I firmly believe that the fact will remain that for a much lower cost of entry anyone with talent can pick up a tool that, with some limitations that can be worked around, produce professional content that can work on TV or even the big screen. That pros are using these tools currently serves to reinforce that fact. If you have talent, you now have the means to produce work that can go "all the way" with the pros with a camera you buy at Best Buy. This revolution of talent won't change as newer camcorders with higher cost come into the marketplace. The extraordinary work of Nino or Philip or the kid down the street that has been shown on Vimeo (or ABC!) won't suddenly suck. No creativity will suddenly be lost.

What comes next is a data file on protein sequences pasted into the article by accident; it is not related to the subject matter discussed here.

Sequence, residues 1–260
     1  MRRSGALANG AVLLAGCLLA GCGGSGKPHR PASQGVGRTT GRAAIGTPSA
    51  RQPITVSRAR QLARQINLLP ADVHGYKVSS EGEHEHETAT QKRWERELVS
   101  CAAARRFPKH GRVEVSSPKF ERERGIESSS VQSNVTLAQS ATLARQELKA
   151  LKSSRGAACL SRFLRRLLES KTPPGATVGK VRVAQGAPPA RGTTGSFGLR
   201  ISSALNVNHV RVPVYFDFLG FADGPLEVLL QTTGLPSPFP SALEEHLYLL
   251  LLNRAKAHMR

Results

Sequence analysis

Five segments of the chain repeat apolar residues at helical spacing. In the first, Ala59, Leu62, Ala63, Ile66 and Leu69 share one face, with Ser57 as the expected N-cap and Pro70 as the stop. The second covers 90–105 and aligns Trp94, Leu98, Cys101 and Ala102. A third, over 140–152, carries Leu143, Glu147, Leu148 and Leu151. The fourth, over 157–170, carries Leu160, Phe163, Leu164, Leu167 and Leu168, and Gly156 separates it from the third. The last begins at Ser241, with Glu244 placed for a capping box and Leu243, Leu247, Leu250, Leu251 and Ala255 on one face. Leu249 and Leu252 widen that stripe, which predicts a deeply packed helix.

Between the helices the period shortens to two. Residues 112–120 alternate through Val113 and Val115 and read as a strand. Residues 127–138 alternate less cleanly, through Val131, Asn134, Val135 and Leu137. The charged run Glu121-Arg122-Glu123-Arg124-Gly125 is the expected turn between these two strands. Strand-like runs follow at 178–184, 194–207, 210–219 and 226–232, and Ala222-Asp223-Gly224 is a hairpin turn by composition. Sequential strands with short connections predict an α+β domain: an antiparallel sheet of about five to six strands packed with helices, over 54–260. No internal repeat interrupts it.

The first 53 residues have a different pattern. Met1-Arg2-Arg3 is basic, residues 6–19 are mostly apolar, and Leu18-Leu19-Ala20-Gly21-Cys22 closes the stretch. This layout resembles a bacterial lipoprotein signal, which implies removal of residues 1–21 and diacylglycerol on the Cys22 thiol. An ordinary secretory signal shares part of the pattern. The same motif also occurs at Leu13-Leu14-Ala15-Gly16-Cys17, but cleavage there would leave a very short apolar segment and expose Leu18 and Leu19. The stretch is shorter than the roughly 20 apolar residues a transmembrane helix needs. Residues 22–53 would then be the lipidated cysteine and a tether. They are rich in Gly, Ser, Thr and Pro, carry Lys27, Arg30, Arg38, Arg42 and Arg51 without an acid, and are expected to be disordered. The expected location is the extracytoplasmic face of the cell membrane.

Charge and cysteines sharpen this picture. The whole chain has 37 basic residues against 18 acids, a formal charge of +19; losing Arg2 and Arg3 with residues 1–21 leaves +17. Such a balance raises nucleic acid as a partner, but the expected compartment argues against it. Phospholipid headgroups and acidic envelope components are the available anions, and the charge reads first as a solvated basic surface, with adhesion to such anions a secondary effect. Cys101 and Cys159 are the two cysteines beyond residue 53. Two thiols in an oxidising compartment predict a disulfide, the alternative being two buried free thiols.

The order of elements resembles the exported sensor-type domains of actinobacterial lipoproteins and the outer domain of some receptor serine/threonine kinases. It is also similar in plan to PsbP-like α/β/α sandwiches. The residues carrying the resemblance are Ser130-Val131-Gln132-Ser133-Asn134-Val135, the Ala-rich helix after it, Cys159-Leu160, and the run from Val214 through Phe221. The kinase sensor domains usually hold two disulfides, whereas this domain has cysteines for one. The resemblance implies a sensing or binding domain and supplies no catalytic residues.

What will happen instead is that the market will splinter. HDSLRs are not the best by any means ergonomically for video productions and those pros with sets and crews and space and money will demand a better form factor at the very least. The filmic look in a digital camera will invade all kinds of productions and new angles, levels of light, intimacy will result with less headaches. And yes, it will be awesome for pros.
The small size, the hybrid stills/video nature of HDSLRs (they are indeed fully professional for taking stills after all), and of course the cost will firmly keep such gear one foot in the pro world as well. HDSLRs will still be useful as B cameras, for fast work, for working in small/cramped locations. Photojournalists will still use them to create short video pieces to accompany their stills. Wedding photographers will still treasure having one camera that can capture pro stills and video with one unit.
Good post on DSLR Video.